How breastfeeding saved this mother and child after Typhoon Odette
"Even though everyone was getting sick, my baby never got severely ill."
When Gilla Capucanan got pregnant, she made a vow.
“I was separated from my own mother as an infant. I promised my child’s life would be different. I would be there for her no matter what,” remarks Gilla.
The first-time mother faced her first test when Typhoon Odette ravaged their town of San Jose in Dinagat Islands in December 2021.
“It felt like the end of the world. I was crying, thinking ‘my baby is too young to die.’ But I just kept singing to her, and she slept through the entire storm.
Amid the scarcity of resources after the typhoon, Gilla claims that breastfeeding saved her child.
“I didn’t have to spend on or look all over for formula milk,” Gilla recalls. “Breastmilk is more nutritious. Even though everyone was getting sick, my baby never got severely ill,” she added.
Gilla says breastfeeding also saved her as well by helping her recover from the psychological stress caused by the typhoon.
“When I breastfeed, talk to my baby and she’s looking up, only focused on me—it’s the best feeling. Our bond is stronger.”
Breastfeeding provides children the best start in life. It is a baby’s best source of nutrition, bolstering brain development with lifelong benefits for the mother and the baby.
Breastmilk even serves as the baby’s “first vaccine”. Early initiation of breastfeeding in the first hour of birth, exclusive breastfeeding (EBF) between 0-6 months, and giving of appropriate complementary food at 6 months with continued breastfeeding up to 2 years old, offer a powerful line of defense against infection and malnutrition.
Gilla was one of 27 mothers who attended the Infant and Young Child Feeding (IYCF) seminar conducted by UNICEF and Samaritan’s Purse, as part of the humanitarian response for Typhoon Odette.
From the time a child is born, they should undergo Exclusive Breastfeeding (EBF)—that is, breastfeeding only without giving water, medicine, or nutritional supplements for six months or more. This is because breastmilk provides all the nutrients babies need.
Breastfeeding is especially important in emergencies, where limited access to clean water, electricity and any other foods and drinks can easily make young children sick.
In this session, the participants learned about complementary feeding. This is gradually adding a variety of soft and semi-solid nutritious food alongside continued breastfeeding when the infant reaches 6 months of age until they are 2 years old or beyond.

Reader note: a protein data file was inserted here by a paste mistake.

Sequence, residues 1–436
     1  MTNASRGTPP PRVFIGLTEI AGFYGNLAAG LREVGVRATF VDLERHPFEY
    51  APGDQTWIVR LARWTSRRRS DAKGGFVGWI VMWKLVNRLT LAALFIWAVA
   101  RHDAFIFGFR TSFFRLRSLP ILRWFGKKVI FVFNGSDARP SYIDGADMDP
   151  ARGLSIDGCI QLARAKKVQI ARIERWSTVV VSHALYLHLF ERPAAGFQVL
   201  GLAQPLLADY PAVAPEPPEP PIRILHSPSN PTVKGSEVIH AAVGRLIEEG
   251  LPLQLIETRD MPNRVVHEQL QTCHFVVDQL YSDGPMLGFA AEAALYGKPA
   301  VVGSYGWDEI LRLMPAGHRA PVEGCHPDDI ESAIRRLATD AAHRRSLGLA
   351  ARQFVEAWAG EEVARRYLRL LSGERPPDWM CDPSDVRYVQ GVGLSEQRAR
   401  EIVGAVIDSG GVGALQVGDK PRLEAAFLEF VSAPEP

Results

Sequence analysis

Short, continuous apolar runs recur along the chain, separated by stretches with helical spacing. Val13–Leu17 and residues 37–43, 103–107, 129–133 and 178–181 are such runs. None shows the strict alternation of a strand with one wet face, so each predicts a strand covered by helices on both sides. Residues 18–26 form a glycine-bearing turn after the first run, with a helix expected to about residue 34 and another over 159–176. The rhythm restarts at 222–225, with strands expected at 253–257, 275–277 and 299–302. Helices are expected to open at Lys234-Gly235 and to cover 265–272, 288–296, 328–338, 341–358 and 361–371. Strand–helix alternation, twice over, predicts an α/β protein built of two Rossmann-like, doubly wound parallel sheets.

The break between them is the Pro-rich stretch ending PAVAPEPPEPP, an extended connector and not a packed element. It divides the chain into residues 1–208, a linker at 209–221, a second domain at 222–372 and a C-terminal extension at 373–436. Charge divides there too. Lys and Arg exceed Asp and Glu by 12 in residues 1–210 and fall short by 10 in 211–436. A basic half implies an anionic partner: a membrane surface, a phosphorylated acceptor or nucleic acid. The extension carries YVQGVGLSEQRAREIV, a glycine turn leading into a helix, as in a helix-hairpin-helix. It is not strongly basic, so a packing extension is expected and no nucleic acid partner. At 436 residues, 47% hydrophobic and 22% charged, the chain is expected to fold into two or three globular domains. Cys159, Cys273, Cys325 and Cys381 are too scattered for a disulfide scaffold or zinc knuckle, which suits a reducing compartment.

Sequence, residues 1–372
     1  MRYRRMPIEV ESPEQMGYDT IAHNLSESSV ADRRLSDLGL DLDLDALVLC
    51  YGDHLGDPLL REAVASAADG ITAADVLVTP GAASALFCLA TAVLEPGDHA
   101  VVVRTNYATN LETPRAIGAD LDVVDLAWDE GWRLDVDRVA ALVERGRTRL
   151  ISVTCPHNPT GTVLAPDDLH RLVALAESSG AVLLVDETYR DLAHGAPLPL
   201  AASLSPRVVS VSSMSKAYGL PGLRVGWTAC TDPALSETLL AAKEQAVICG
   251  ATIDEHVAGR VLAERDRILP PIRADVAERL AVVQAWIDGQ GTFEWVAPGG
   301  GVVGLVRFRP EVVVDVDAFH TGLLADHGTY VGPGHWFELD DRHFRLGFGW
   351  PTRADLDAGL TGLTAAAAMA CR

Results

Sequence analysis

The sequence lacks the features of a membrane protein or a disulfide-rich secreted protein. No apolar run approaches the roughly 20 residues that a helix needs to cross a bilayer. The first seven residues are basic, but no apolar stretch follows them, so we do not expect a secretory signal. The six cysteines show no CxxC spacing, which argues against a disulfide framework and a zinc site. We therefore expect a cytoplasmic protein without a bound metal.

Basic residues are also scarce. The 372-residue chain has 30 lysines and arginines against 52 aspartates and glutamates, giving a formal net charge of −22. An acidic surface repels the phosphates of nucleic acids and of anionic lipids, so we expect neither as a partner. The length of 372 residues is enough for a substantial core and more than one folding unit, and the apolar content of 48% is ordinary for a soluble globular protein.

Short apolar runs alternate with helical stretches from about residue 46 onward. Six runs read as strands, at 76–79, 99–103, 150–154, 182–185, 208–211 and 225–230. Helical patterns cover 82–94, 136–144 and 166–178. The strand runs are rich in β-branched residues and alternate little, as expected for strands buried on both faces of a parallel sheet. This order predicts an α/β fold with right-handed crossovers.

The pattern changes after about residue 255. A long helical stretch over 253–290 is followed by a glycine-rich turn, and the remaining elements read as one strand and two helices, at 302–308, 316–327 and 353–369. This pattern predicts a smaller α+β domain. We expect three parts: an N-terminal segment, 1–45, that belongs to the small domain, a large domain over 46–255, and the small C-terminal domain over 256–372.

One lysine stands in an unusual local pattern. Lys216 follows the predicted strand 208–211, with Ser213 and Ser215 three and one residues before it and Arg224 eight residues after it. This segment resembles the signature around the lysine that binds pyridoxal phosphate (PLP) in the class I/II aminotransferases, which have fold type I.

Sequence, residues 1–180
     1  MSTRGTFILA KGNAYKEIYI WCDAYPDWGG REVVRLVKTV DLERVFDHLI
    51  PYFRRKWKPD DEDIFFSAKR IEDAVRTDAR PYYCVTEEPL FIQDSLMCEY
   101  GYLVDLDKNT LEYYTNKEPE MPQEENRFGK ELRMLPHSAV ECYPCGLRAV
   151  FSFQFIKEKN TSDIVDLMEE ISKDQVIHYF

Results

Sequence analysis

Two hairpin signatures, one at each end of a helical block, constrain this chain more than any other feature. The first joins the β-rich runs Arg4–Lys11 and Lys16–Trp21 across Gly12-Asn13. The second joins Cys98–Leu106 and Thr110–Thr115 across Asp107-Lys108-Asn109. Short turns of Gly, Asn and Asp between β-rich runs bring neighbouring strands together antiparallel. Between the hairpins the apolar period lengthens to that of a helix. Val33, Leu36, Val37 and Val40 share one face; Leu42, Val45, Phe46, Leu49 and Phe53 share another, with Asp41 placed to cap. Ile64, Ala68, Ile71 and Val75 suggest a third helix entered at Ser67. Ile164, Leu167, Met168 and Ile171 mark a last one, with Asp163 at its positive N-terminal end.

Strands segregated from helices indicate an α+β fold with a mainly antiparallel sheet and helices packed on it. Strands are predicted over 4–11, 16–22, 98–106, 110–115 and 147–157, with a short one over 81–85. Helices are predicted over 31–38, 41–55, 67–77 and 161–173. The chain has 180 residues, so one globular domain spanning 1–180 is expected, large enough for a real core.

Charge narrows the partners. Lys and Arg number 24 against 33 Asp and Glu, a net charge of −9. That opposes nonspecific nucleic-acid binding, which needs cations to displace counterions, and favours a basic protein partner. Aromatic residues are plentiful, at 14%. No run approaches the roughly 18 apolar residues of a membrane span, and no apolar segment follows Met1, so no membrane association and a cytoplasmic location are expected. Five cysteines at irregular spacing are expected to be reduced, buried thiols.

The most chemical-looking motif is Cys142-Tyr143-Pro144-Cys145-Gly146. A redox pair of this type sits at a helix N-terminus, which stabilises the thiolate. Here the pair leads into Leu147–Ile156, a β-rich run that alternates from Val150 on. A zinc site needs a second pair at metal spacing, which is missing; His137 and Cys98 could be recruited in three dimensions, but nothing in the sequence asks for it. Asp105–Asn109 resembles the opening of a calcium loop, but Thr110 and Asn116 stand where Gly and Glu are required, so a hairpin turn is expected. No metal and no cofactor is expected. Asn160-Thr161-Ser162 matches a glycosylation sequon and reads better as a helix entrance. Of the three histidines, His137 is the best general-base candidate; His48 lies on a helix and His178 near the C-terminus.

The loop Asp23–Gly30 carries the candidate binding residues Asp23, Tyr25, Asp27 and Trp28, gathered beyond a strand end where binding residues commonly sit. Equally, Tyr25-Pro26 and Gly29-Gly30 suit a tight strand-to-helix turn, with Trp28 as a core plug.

Gilla learned that complementary feeding need not be expensive. This is critical for someone recovering from the destruction of the typhoon. “I usually just feed my baby broth and greens, but I was taught it would be also good to add things like fish and kamote, which we have in our yard anyway.”
Gilla is thankful that organizations like UNICEF and Samaritan’s Purse responded so quickly. “They gave us guidance and assured us that, even in calamities, we’re not alone. We have support to continue breastfeeding.”
Even after the storm, Gilla acknowledges that there will continue to be challenges in her breastfeeding journey.
“There’s still some stigma associated with breastfeeding in public, but I am not ashamed. I’m a mother now. My only focus is my child.”
In the Philippines, workplaces, businesses and public places are required to have clean and safe lactation areas where mothers can breastfeed their child. However, Gilla opines that in reality, the dearth of breastfeeding areas is still an issue. “Of course you want your baby to be safe and comfortable, so sometimes I’ll buy something at a restaurant just so we have a place to sit at and feed.”
As Gilla eyes a return to the workplace and spending more hours away from her daughter, she admits “I’ve been tempted to switch her to the bottle. But I’ve resolved to make breastfeeding work because I want the best for her.”
“You never know what the future holds, who will leave or enter your life. But one thing that won’t change—I will always be there for my child.”